Brent watched the man slowly rise from his crouched position; rise, and rise, and rise still more. He knew his mouth was hanging open, but he couldn’t stop staring. The man was nothing short of a Colossus. The man chuckled at the sight of Brent’s face and Brent immediately feigned nonchalance. “It’s okay,” the man’s voice carried over the sound of the rain, “I get that a lot.”
Brent cursed within the confines of his own mind before turning back toward the car, thinking to himself about the futility of fighting back should this giant of a man turn out to be an ax murderer or a psychopath of some kind. “Alright, c’mon,” he said, as he paced the wet, sloshy steps back toward his still-running Corolla. He opened the driver-side door as the man gave a tug on the handle opposite him. The door was still locked. For a split second, Brent thought about speeding away, but couldn’t bring himself to do it; something about this man was gravitational. He hit the unlock button, and the man pulled open the door, crouching low. He paused before sliding in and quickly unzipped his poncho, slipped it off and sat down. He rolled the poncho into a neat ball outside the door with a marked expedience. Brent watched as he pulled the passenger door closed and placed the poncho ball into the floorboard at his substantial feet.
“You can move that seat back. There’s a handle underneath.” The man, who had a pleasant, almost joyful, look on his face, reached beneath the seat to find the lever that would free him his dashboard-induced prison. As he silently gave himself more room, Brent took in his frame. He wore a gray, fitted t-shirt, jeans and work boots. His hair was cut short, neat and he seemed recently shaven. He didn’t look like he belonged crouched in a ball, on the side of the road, in the pouring rain. In fact, he looked like he belonged on a football field or in a superhero comic. Brent sat up straighter in his seat out of a subconscious desire to prevent emasculation by association, “I’m Brent.” He stuck out his hand.
“Gabe,” the man took Brent’s hand in his own and dwarfed it; like a small child putting his hand inside a bunch of bananas. Brent noticed the disparity immediately but pretended he didn’t. He put the car into drive and began checking his mirrors.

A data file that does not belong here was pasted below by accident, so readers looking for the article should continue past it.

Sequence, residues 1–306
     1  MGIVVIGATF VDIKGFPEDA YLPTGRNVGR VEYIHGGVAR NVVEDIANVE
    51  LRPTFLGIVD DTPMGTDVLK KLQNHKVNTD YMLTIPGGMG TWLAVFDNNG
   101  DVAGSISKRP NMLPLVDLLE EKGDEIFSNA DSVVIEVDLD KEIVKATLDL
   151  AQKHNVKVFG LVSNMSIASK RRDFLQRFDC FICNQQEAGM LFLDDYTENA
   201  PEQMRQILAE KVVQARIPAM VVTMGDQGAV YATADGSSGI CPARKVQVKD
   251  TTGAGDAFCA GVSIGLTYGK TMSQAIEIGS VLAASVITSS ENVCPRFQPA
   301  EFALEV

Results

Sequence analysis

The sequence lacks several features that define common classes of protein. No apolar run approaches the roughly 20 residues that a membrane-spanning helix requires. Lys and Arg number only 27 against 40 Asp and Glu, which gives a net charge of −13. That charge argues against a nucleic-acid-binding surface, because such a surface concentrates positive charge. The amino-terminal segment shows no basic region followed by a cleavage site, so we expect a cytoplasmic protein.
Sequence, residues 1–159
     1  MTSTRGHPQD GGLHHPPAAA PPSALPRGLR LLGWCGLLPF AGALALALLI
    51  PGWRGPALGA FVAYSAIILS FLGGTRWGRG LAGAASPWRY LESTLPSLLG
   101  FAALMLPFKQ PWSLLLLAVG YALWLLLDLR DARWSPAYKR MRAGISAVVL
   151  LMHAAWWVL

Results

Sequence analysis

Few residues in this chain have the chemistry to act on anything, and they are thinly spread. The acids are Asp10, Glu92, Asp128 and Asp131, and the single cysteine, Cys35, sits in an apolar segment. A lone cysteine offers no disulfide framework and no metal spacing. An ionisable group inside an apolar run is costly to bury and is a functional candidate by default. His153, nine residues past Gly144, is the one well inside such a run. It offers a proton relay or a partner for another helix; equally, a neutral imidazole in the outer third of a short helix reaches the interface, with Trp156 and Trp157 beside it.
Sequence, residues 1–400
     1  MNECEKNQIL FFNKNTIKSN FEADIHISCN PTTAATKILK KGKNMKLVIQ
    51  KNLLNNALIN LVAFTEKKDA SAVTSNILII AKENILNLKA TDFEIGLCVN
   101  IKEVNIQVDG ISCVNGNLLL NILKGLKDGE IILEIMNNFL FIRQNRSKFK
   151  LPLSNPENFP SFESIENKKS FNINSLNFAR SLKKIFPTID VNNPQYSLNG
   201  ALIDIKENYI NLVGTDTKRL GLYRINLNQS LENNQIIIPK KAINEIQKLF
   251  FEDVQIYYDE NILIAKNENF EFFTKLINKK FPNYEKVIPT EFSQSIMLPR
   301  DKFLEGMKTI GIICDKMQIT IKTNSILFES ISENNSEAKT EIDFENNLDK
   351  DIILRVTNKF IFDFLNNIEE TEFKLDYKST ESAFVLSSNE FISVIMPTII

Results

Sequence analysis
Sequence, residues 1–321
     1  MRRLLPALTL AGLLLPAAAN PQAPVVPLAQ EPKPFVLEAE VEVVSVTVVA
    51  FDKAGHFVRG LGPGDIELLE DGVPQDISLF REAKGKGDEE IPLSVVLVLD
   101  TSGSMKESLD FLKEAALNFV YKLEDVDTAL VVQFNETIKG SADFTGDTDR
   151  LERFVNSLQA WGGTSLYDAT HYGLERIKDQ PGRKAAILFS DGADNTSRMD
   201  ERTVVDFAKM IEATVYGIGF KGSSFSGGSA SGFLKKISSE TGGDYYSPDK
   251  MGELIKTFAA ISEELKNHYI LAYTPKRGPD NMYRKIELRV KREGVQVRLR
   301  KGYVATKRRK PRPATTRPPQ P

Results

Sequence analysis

“I’m headed toward Townsend. It’s the nearest town with a hotel and food. I hope that’s okay with you.”
“Oh, yes. That will be just fine.” Gabe smiled broadly toward Brent. The night sky was beginning to take over and the rain seemed to be letting up just enough to make the drive bearable.
“You’re not from around here, huh?”
“No, definitely not; what gave me away?” His crisp, clear voice radiated joy. The way its cadence and tone carried made Brent somehow happier. He wasn’t sure he liked that, considering that he set out on this little journey to stew in his own anger.
“Well, you have zero accent, and you used the word ‘yes.’”
Gabe chuckled, “I see. I suppose I should say ‘yeah’ and ‘yawl’ if I want to be more inconspicuous.”
Brent found himself smiling at Gabe for no particular reason. When he realized it was happening, he tried to stoke the embers of his waning grudge by focusing on the words his sister had spoken to him before he’d succumbed to his emotions at his parent’s cabin less than two hours earlier. “We’d rather sell this place to someone who knows what they’re doing than to let Mom and Dad’s legacy be run into the ground with an inexperienced toddler like you running it,” her voice echoed in his ears. He rolled the words around in his brain, letting them marinate. He had to stay focused. He needed to be angry, or he’d never be able to go through with his plan.
Tylie Eaves is the CEO and Founder of Vertu Marketing LLC and Vertu Publishing. She is a wife, mother, author, speaker, coach and research analyst who strives to carpe the crap out of every diem.